If, after reporting to the police and their action persists, the next step is to take on a Family attorney and seek redress in a court of law.
You may want to return to your home and bang on the door or stand outside and call the police; the best option is to notify the court of the situation.
Handling the problem in this manner would be helpful in two ways. For example, first, an emergency petition will get you back into the house quickly and legally, and second, it would act as proof to the court that your spouse may not be willing to abide by the rules during the divorce process.
What are my rights if I am locked out of my home
There are several existing rights for a spouse that has been locked out of his home or intends to move out. What are your requests if you happen to be caught in this situation?
You have to understand that so far as the property is jointly owned, each spouse is permitted to enter that property without restrictions. This also applies even when one of you voluntarily moves out after separation.
You also have to understand that in claiming rights, some rights depend on whether a spouse is legally married or if the couple is separated.
A separated or divorced spouse’s rights
Firstly, when one spouse moves out voluntarily or as a result of separation, the ex-partner’s right to privacy needs to be respected. As such, having access to the house is based on informing the other spouse. If this is not done, such a spouse can attract criminal sanctions for disturbance of the peace.
Secondly, changing the locks will not prevent your spouse or ex-spouse from entering the house, as the property is jointly owned. However, they are limitations to that, and if a court order is granted to restrict access, then such an order must be followed.
Thirdly, leaving the property will not prohibit you from having the right to have an equal share of the house in a divorce settlement. There are many financial claims a separated spouse can make during divorce, including the sale and alienation of the home.
These claims are available whether or not the marital assets are owned jointly or in one spouse’s name, and the claims do not depend upon whether you are physically living in the family home.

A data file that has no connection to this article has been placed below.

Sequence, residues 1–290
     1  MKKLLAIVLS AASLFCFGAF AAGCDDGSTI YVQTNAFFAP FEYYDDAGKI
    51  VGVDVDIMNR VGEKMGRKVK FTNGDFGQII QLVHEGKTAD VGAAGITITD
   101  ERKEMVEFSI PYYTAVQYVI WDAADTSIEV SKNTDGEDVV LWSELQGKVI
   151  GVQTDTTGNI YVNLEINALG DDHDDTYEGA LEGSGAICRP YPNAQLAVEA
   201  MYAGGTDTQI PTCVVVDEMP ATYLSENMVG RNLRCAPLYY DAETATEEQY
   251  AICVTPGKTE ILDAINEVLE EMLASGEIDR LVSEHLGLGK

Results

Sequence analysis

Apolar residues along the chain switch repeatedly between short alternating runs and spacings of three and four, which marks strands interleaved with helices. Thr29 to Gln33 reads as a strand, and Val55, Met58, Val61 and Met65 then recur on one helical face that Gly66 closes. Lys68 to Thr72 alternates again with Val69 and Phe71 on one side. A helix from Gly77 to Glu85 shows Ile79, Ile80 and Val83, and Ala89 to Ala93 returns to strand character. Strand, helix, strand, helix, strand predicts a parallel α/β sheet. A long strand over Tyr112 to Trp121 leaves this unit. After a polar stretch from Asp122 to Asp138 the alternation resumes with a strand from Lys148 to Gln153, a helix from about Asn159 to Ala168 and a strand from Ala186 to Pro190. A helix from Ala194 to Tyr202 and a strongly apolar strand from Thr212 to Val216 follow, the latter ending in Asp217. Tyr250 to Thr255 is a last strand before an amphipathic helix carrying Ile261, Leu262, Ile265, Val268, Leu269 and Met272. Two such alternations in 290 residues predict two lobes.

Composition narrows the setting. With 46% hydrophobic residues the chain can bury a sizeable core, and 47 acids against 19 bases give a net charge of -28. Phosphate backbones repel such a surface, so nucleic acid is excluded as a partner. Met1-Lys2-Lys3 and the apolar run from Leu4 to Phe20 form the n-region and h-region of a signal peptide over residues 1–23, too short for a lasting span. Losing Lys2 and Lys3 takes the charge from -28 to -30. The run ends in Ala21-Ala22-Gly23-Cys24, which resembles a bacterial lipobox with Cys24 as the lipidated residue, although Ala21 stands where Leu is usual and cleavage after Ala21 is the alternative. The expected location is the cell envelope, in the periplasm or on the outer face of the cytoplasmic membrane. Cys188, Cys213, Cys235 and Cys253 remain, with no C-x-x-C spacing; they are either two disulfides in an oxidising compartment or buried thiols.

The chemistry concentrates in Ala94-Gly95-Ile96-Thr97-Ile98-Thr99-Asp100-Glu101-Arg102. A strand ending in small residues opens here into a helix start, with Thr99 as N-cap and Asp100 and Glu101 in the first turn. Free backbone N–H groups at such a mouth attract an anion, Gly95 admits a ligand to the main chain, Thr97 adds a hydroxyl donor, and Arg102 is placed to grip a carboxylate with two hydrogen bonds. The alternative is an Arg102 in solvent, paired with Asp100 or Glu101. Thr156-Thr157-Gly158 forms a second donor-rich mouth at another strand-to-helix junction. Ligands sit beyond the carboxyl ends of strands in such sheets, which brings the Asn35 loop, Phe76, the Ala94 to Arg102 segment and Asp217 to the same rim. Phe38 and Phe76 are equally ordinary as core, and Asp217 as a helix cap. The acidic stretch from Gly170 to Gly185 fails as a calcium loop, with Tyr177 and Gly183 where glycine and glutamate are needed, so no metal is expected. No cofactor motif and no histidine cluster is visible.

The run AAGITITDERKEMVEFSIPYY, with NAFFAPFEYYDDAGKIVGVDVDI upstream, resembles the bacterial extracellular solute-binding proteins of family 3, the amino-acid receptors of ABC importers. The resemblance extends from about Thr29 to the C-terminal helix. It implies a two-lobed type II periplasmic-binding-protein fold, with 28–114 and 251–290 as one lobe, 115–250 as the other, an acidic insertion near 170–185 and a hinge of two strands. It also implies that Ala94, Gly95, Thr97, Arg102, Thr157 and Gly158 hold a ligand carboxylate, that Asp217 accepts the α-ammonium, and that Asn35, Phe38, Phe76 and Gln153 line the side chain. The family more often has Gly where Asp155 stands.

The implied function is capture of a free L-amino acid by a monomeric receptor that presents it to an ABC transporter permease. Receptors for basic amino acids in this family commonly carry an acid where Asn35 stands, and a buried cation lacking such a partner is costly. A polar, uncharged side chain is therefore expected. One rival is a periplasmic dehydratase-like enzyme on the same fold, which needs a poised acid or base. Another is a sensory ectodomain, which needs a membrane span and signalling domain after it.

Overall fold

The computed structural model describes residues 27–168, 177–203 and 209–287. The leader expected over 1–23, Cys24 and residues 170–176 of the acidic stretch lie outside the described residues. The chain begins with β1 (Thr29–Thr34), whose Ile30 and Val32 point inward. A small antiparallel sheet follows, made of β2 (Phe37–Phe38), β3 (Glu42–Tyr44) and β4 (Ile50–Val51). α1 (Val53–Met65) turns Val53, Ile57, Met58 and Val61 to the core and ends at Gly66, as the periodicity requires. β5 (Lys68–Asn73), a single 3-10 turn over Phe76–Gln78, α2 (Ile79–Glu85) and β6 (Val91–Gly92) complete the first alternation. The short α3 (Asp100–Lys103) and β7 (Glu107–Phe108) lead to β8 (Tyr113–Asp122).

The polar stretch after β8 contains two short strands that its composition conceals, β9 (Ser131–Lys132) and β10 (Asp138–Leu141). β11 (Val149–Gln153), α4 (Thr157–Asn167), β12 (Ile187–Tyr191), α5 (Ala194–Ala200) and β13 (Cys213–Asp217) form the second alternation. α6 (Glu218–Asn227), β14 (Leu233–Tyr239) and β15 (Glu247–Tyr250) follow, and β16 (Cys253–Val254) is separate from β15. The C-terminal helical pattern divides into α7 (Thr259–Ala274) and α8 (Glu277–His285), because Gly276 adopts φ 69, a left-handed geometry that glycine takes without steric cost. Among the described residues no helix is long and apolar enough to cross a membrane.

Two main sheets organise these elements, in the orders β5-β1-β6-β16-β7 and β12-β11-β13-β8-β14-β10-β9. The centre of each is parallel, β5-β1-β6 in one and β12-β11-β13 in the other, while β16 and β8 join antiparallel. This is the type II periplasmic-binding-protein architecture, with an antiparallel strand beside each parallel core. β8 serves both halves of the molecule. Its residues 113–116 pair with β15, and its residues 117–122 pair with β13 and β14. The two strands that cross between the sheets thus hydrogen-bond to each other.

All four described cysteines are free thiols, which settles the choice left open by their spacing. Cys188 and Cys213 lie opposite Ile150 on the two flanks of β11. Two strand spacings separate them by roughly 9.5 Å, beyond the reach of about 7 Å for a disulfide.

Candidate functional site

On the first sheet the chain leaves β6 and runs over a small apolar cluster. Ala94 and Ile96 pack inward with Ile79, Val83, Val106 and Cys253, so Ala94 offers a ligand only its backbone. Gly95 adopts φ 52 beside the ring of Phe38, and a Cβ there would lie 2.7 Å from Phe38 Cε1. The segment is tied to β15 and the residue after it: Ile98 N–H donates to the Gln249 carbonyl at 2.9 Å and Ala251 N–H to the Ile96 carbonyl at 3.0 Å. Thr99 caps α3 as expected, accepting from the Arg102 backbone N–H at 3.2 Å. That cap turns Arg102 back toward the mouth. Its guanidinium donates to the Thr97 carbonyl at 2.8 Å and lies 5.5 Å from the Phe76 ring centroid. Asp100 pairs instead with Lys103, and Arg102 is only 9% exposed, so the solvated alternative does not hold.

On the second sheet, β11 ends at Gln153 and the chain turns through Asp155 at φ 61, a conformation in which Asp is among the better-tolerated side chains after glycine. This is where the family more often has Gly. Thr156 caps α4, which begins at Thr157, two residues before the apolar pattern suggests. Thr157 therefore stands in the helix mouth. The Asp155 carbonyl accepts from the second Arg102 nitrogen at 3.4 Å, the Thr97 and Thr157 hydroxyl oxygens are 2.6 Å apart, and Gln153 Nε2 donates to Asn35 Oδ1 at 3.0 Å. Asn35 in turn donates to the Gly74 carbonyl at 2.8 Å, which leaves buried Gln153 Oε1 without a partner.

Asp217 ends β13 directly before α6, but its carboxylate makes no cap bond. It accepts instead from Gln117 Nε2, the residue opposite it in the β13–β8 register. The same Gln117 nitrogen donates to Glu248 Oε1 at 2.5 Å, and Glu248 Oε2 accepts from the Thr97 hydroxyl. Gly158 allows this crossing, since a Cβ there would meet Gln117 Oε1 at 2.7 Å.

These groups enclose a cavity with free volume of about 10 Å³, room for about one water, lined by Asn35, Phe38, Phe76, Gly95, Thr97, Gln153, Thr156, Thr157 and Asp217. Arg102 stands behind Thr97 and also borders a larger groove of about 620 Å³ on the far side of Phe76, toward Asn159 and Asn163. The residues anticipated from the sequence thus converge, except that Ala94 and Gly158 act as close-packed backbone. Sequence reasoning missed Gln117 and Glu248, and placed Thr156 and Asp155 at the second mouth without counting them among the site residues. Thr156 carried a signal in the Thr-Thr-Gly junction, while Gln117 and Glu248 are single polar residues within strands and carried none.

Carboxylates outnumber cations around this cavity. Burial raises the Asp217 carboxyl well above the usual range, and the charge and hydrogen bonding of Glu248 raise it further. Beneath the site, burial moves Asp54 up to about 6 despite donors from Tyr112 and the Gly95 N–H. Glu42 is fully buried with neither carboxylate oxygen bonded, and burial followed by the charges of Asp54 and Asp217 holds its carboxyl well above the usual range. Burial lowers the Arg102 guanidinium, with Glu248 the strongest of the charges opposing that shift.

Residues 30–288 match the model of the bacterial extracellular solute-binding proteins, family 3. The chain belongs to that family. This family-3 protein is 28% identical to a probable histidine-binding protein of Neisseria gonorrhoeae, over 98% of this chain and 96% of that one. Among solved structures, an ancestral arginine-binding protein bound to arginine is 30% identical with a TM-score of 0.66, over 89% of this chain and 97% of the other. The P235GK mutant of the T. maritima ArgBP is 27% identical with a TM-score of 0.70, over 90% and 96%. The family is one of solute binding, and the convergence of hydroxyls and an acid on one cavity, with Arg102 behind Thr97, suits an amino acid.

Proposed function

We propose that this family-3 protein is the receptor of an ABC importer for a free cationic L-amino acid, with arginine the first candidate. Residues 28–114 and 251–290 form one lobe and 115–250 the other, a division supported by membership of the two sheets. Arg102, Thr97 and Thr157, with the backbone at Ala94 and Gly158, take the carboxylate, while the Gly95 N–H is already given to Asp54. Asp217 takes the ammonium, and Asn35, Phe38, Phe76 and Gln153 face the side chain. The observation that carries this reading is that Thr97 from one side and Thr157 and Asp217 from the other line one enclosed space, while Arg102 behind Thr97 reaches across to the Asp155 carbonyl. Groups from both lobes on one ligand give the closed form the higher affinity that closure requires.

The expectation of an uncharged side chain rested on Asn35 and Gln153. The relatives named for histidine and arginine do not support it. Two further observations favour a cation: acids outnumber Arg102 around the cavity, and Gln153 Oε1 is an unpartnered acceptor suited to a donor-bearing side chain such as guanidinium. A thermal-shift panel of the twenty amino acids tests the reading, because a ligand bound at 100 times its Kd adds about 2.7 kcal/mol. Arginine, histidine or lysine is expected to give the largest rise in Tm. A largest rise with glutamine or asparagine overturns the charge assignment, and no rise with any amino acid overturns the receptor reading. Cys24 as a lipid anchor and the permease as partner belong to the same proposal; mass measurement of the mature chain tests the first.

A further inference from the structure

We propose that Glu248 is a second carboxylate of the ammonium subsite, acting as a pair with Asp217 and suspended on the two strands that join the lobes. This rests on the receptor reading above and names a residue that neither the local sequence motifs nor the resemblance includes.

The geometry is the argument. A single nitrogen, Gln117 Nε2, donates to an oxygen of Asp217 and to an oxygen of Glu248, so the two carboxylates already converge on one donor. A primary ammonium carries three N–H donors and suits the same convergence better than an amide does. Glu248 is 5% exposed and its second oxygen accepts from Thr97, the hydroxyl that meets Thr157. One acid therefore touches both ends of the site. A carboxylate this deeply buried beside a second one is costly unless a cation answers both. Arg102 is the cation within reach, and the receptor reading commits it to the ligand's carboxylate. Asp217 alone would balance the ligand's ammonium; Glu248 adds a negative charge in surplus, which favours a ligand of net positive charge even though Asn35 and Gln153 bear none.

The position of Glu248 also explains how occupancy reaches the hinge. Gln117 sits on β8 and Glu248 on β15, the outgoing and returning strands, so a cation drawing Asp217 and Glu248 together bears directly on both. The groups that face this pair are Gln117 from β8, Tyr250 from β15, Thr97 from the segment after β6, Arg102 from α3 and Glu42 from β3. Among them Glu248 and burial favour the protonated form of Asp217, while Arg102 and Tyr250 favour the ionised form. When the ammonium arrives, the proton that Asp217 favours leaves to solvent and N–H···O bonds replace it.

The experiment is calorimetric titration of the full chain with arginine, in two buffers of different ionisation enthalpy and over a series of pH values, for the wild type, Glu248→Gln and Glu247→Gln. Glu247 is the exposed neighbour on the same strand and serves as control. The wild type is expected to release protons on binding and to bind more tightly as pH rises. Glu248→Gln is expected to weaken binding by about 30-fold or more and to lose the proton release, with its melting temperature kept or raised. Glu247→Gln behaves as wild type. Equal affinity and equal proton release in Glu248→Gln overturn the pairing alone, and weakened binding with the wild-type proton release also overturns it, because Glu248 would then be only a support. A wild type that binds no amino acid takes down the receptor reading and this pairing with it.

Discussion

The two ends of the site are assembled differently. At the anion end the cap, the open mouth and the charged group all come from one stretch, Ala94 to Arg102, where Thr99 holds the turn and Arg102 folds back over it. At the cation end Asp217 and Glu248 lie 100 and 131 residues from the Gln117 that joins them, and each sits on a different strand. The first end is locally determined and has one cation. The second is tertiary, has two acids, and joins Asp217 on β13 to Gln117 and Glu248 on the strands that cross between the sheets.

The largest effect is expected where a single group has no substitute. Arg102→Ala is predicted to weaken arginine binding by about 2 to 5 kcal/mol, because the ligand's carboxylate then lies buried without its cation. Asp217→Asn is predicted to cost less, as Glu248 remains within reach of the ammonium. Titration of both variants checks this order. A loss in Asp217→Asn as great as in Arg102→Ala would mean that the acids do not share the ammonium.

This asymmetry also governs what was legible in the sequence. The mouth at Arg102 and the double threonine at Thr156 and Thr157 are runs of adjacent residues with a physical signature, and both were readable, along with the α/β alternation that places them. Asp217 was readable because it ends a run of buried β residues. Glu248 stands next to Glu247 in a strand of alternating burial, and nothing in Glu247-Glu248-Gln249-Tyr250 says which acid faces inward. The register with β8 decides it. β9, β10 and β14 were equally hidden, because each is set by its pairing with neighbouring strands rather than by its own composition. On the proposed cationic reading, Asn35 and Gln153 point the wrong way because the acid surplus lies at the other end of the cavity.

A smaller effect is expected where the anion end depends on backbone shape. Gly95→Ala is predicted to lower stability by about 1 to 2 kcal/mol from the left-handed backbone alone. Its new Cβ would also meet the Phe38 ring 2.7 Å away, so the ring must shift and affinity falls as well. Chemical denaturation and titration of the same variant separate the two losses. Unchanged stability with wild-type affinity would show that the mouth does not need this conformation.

Rights of spouses that are still legally married but locked out of the jointly owned property
If your home is a matrimonial home, under the Family Law, regardless of the name on the title deed, you and your spouse have an equal right to possession of the home. This means that even though your spouse moved out of the home, they can return to the home and do not need permission to do so.
You cannot restrict your spouse from home without a court order. Your spouse is entitled to live on the property; if you change the locks, they are entitled to remove the waves. So, locksmiths can extract the locks or contact the police if they cannot enter the family home. There are limited circumstances in which you can change the locks without any consequences, and before you do anything, you should seek legal advice if you change the waves, as this could be a huge issue.
If you are married, you both have an equal right to stay in your home – even if only one name appears on the title. Since both of you have a right to remain in your home, neither can sublet, rent, sell, or mortgage it without the other’s permission. This is true even if you rent and your lease are in only one of your names.
What happens to our home if we decide to separate?
The home will likely be sold to you, your spouse, or a third party during a separation.
It is sacrosanct to realize that whoever keeps the marital l home is agreeing to buy out the other party and will have to pay them half of the home equity and assume the existing mortgage.
This usually means that the person remaining in the house must qualify for a new mortgage based on their income.
In conclusion, changing the locks to a jointly owned property is not prohibited or considered illegal; if you are still married to your spouse and are not separated, you have gotten a court order to do so.